Salpingohysterectomy in a hen
Tess, a 3 ½ year old ex-battery chicken living with three others, presented with a history of irregular laying and polydipsia. She remained relatively bright with a good appetite but on examination was thin with a large firm caudal coelomic swelling and an inflamed vent. A decision was made not to carry out prior diagnostics but to go straight to exploratory coeliotomy, with the understanding that euthanasia under anaesthesia might be necessary.
Tess was anaesthetised with sevoflurane by mask, intubated and maintained with intermittent positive pressure ventilation. Intravenous fluids were provided via a catheter in the median metatarsal vein. A mid-line coeliotomy incision revealed a massively distended oviduct as well as yolk material free in the coelomic cavity. The oviduct was removed using vascular clips for haemostasis and the coelomic cavity copiously lavaged. Active follicles were removed from the ovary and after routine muscle and skin closure, a 9.4mg deslorelin GnRH implant was placed into the caudal pectoral muscle. The oviduct, impacted with layers of necrotic egg material weighed over 700g!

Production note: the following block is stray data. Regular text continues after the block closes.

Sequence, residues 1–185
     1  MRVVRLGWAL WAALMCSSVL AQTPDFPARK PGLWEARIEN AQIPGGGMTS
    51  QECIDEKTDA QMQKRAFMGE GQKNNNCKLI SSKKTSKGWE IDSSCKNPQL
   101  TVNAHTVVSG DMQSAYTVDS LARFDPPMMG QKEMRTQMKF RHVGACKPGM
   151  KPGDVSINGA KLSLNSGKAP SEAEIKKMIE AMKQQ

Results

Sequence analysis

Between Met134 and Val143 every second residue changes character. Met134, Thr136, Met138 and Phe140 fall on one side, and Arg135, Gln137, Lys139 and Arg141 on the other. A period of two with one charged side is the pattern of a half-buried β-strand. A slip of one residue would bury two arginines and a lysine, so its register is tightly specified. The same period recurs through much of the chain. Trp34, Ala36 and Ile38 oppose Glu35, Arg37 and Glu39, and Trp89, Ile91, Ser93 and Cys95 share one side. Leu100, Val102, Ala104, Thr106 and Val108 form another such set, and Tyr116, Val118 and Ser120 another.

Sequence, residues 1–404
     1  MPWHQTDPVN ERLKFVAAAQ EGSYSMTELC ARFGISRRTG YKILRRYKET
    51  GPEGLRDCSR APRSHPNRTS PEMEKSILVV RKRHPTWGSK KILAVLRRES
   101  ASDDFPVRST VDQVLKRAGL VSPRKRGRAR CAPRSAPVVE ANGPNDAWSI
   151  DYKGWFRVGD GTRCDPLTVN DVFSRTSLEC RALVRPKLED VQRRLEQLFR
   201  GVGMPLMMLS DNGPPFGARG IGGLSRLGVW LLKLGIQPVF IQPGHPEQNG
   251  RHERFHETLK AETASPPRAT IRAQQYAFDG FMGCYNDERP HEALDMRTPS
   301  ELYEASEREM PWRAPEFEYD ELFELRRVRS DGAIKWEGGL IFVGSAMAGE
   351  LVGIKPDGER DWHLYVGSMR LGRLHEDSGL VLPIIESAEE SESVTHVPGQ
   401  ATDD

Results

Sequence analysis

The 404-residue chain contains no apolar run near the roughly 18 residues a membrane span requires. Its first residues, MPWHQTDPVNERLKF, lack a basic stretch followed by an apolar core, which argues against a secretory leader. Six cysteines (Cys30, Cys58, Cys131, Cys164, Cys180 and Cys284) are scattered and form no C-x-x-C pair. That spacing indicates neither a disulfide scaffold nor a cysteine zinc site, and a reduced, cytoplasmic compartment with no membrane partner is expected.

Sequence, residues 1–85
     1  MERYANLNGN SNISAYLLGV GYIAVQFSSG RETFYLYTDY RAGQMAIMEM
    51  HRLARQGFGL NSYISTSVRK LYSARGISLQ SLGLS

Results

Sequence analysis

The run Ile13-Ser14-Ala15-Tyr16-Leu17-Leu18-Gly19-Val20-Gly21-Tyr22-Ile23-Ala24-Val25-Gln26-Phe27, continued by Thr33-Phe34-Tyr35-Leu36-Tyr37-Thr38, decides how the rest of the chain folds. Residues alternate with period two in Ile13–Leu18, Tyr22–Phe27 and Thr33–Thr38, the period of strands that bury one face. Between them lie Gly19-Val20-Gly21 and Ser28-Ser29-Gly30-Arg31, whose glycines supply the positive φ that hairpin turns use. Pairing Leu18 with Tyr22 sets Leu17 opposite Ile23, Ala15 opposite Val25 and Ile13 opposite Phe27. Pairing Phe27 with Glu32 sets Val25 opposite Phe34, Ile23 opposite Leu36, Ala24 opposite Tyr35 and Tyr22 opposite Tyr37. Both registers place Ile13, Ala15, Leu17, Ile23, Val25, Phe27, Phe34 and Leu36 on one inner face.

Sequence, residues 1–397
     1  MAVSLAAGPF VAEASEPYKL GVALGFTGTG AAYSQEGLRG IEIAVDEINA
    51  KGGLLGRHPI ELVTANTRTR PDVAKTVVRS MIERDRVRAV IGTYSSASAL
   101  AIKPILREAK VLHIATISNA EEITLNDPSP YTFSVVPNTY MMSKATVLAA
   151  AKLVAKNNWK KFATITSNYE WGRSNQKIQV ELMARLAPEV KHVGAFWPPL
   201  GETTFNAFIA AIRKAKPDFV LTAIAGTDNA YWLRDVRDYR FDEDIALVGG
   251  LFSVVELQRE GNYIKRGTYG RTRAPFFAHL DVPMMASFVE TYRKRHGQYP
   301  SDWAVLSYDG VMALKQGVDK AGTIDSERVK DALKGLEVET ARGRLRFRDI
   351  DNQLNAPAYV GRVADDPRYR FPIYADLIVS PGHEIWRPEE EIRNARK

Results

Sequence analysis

Impacted oviduct during surgery
Tess was kept in intensive care post-operatively with continued antibiosis, analgesia, anti-inflammatories, IV fluid therapy and crop tubing. She started eating a little the following day and was discharged to be nursed by her owner at home 4 days after surgery.
Two months later, her owner reports ‘she is living a full life now, bug-hunting, sunning her feathers, dust bathing and enjoying the new height she can reach if she attains 'lift off' when running and flapping her wings!’
Tess post-operatively – at home and enjoying a dust-bath.
Reproductive problems are very common in hens. Oviduct impaction may occur secondary to salpingitis, adhesions, neoplasia or torsion. Yolk coelomitis occurs when yolk material fails to enter or is expelled from the oviduct and as in this case, often occurs following oviduct impaction or rupture. It causes a severe inflammatory response. Clinical signs can include erratic or no egg production, anorexia, lethargy, coelomic swelling, dyspnoea and death. Diagnosis is based on history and clinical signs. Haematology demonstrating a leucocytosis, coeliocentesis and imaging are helpful. Supportive nursing care including fluid therapy, provision of warmth, nutritional support and anti-inflammatory treatment is essential and coeliotomy is often required to remove yolk material and address the underlying cause. 9.4mg deslorelin implants result in ovarian suppression in the domestic chicken for up to a year, with a mean length of activity reported as 319 days (Noonan et al. Evaluation of Egg-laying Suppression Effects of the GnRH Agonist Deslorelin in Domestic Chickens. Association of Avian Veterinarians Conference Proceedings 2012)